Skip Navigation
Federal Energy Regulatory Commission

Media Statements & Speeches

Text Size small medium large

Statement: September 18, 2008 Print this page
Docket Nos. CP06-365-000, CP06-366-000, CP06-376-000 and CP06-377-000

Commissioner Moeller's statement on Bradwood Landing LNG Project

"As the first member of this commission who hails from the Pacific Northwest, today's action is of special significance to me. In our action today, it is necessary to first point out what we are not doing: we are not granting final approval for the construction and operation of the Bradwood LNG facility. Approval for construction will only be given once all the applicable conditions are satisfied, some of which are quite extensive. Of the 109 conditions included in this order, 75 require the submission of information prior to construction. Similarly, operation of the plant is subject to another 6 mandatory conditions. Of course, the Commission can require the submission of any additional information it finds necessary prior to granting these final approvals.

In addition to the conditions we require, various permits from state and federal agencies are still necessary before the project can move forward. If this process is compared to a baseball game, we are in the early innings.

The primary consideration when reviewing a project such as this is health and safety of citizens. Like all industries, nearly all activity related to the energy industry involves some level of risk. Although the American public may not be as familiar with LNG facilities as they are with other types of infrastructure. the LNG industry has a long and admirable record of safe operations. Many people are surprised to find out there are LNG storage facilities in many states, but because they are not import facilities they often go unnoticed. In fact, currently there are five LNG storage facilities in the Pacific Northwest that serve as peak shaving facilities. More importantly, I believe the record shows that this facility can be operated safely and in the public interest.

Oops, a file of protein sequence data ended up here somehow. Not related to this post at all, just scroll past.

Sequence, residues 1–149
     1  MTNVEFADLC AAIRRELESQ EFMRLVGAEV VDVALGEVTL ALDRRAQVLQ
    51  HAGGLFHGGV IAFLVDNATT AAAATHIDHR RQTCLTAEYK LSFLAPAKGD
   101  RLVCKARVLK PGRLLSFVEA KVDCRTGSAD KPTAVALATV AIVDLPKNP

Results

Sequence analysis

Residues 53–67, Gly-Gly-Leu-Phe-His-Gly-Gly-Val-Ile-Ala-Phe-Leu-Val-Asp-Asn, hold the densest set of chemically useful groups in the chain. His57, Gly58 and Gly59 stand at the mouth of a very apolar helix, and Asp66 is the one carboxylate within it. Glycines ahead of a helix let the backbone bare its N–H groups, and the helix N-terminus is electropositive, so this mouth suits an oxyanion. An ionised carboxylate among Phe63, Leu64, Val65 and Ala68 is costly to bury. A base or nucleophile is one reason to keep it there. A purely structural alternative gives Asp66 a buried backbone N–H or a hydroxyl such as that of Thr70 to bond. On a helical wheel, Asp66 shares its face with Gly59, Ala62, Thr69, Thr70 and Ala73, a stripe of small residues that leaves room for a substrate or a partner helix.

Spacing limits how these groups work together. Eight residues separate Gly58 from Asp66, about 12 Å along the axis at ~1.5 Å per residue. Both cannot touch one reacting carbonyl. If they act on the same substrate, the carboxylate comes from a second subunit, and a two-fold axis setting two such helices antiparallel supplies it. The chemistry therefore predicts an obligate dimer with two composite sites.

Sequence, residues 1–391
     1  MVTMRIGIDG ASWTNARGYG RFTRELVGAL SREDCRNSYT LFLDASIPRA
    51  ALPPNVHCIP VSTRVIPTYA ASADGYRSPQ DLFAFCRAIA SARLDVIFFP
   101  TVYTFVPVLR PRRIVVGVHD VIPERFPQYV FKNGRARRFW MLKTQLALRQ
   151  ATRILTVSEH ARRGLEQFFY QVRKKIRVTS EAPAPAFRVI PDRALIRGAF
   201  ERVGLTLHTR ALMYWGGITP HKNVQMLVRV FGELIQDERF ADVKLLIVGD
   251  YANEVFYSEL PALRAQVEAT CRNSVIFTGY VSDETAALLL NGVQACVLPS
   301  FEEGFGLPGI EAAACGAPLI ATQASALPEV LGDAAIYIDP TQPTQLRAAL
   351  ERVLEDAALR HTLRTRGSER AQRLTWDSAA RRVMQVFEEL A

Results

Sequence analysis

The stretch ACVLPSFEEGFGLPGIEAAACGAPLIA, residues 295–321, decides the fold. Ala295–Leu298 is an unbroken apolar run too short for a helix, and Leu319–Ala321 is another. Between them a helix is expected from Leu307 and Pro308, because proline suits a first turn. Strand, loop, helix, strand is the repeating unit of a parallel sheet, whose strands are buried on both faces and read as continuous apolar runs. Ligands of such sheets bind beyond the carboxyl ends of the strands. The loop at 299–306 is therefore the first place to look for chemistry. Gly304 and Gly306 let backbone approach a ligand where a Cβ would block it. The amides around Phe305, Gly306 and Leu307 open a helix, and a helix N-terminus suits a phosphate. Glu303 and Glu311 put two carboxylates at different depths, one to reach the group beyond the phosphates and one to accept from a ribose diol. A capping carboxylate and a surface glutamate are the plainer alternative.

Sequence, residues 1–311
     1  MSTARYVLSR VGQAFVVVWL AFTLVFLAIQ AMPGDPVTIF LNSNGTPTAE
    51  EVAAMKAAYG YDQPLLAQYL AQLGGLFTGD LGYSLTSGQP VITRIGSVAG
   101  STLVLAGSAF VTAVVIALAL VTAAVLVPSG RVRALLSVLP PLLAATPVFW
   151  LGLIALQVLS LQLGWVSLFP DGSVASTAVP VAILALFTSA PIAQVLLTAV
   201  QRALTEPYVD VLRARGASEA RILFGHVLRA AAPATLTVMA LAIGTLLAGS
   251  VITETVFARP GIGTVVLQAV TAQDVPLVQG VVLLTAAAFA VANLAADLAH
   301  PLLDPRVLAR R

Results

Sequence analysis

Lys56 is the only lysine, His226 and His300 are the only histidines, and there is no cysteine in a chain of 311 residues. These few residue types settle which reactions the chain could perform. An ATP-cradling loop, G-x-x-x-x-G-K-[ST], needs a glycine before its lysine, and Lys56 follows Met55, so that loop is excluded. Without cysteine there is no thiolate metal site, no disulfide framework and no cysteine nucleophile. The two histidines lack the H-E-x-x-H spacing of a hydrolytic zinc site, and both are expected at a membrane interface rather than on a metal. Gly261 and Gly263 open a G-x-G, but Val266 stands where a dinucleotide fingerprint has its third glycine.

It is also important to recognize that the Columbia River is a major transportation waterway already, and has been for decades. Hundreds of commercial ships navigate the river system every year, many carrying cargo without incident that is classified as hazardous, such as liquid petroleum products.

The second issue that has been raised as part of this decision is whether the Pacific Northwest needs additional natural gas supplies. I believe the unequivocal answer to this question is "yes" for several reasons.

The economy of the Pacific Northwest will continue to grow, and it will continue to need the opportunity to grow. As its population base grows so will its energy consumption. It is imperative to meet this growth but it is only prudent to do so with diverse energy sources. The region should start with a major emphasis on conservation, energy efficiency, and demand response. I strongly support all of these options and have worked to promote them throughout my career, but there is an interdependency to them. Let us take energy efficiency: although much more needs to be done, the Pacific Northwest is already a leader in regional energy efficiency and conservation efforts. Regarding demand response: unlike other areas of the nation, these programs in the Pacific Northwest are hindered by the lack of a regional wholesale market that would allow these resources to be bid and properly compensated.

As for new fuel sources of electricity, the region is reluctant in the short term to expand its usage of nuclear and coal, while the potential for major hydroelectric development has been essentially exhausted.